Thursday, September 1, 2011

Ein Mabua — Ein ‘Fawar’©



Flowing though Midbar Yehudah, the icy stream that originates from the waters of Ein Mabua (Mabua Spring) is a delight to wade through. The golden hills of the desert tower from above, enhancing this exhilarating experience. The wind sings though the tall, thick rushes on either side of the rivulet that meet to
form long, shaded tunnels when they intertwine above one’s head. The sweet smell of wild-peppermint plants fills the air, as their purple blooms sway in the breeze.

In the clear water, which at some points reaches above one’s knees, tadpoles and small schools of fish swim by. One can also see many freshwater gastropods in the water, clinging to the banks of the stream. This type of black snail is a freshwater habitant and indicates that the water is fresh and safe to enter, although not to drink.

Ein Mabua, called Ein al-Fawar by the Arabs, is located about 22 kilometers east of Jerusalem (approximately 35 minutes) along Route 458, Kvish Alon or Derech Eretz Hamirdafim (the Land of Pursuits Way). This road twists and turns sharply as it travels down very steep inclines, toward the place where people park their vehicles. From this spot there is a further steep descent by foot, to reach the Mabua Spring. The spring is known as the “Ein Hameshuga,” the crazy spring, because of the way the water disappears and after a while fills back up, without any set schedule. The water originates from the rainwater in the Judean Hills. The water drips through the limestone in the ground, filling up a karst cave. When the cave is full, the water flows into the pool for about 20 minutes. At that time, the pool begins to empty out and the process repeats itself. This bubbling spring was cemented into a pool by the British. The ruined concrete house close to the pool is a pump-house they built.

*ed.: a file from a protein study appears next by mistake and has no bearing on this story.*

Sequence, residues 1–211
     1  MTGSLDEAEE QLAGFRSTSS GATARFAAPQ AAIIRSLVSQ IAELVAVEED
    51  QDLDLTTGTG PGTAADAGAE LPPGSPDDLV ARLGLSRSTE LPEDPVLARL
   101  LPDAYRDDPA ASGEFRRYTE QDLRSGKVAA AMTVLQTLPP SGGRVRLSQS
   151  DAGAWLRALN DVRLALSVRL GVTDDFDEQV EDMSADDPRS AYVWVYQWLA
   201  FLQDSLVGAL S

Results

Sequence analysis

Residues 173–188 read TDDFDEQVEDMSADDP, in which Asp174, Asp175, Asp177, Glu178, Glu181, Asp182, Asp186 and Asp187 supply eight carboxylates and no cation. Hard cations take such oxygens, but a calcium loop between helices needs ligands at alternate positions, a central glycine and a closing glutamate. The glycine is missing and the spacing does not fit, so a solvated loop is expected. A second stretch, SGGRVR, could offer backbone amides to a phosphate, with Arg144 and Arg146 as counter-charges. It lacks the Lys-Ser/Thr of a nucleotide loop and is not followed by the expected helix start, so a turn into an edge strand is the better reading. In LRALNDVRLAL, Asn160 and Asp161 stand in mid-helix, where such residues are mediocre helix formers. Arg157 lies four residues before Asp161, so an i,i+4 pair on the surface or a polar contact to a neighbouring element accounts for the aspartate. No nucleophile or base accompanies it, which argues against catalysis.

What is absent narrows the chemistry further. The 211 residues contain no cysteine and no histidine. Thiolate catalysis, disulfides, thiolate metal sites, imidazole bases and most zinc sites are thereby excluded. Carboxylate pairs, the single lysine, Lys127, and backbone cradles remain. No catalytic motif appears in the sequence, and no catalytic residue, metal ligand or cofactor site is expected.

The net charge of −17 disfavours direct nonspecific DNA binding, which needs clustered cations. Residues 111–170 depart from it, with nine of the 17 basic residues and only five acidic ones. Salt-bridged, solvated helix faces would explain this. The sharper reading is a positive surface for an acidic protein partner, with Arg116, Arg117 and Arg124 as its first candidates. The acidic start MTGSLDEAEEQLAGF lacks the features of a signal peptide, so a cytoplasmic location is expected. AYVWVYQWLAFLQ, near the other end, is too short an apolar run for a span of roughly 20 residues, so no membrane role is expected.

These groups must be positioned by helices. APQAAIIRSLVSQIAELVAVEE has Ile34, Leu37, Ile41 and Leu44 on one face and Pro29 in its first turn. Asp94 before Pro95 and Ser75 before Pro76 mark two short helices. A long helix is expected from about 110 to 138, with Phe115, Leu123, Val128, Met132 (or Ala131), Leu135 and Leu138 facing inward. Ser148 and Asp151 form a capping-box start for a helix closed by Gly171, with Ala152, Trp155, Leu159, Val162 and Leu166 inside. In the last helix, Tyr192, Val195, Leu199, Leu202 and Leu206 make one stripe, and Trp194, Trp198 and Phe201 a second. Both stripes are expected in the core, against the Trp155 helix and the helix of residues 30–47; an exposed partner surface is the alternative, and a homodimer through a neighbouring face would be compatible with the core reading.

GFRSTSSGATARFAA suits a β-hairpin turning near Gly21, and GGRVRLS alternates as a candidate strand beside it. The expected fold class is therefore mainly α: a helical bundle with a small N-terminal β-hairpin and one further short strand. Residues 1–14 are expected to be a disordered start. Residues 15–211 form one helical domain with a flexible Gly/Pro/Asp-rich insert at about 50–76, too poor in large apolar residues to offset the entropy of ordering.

The famous aqueduct that the Hasmoneans built in 180 B.C.E., and which begins near this pump-house, stretches 20 kilometers to Jericho. King Herod renovated the aqueduct and added bridges to it. He also dug out tunnels. Since the aqueduct cannot carry large quantities of water, the water flows out in a waterfall and creates a  small pool.

Caution: It must be noted that one should not travel too far down the steam (not more than 10 to 15 minutes) as it eventually reaches Jericho, which is in enemy hands. Also, one needs to hike within agroup of people.
Bring along plenty of water and sun protection — a hat and suntan lotion — plus plastic shoes so that you
can wade though the water.

To get to Ein Mabua, take Route 1 from Jerusalem toward the Dead Sea. (Leave Jerusalem though the
Derech Har Hatzofim Tunnels). Take Route 458 (Alon Road) north to Ein Mabua (Ein al-Fawar).
There is parking at the side of the road, near the entrance to the spring. Ein Mabua — Ein ‘Fawar’

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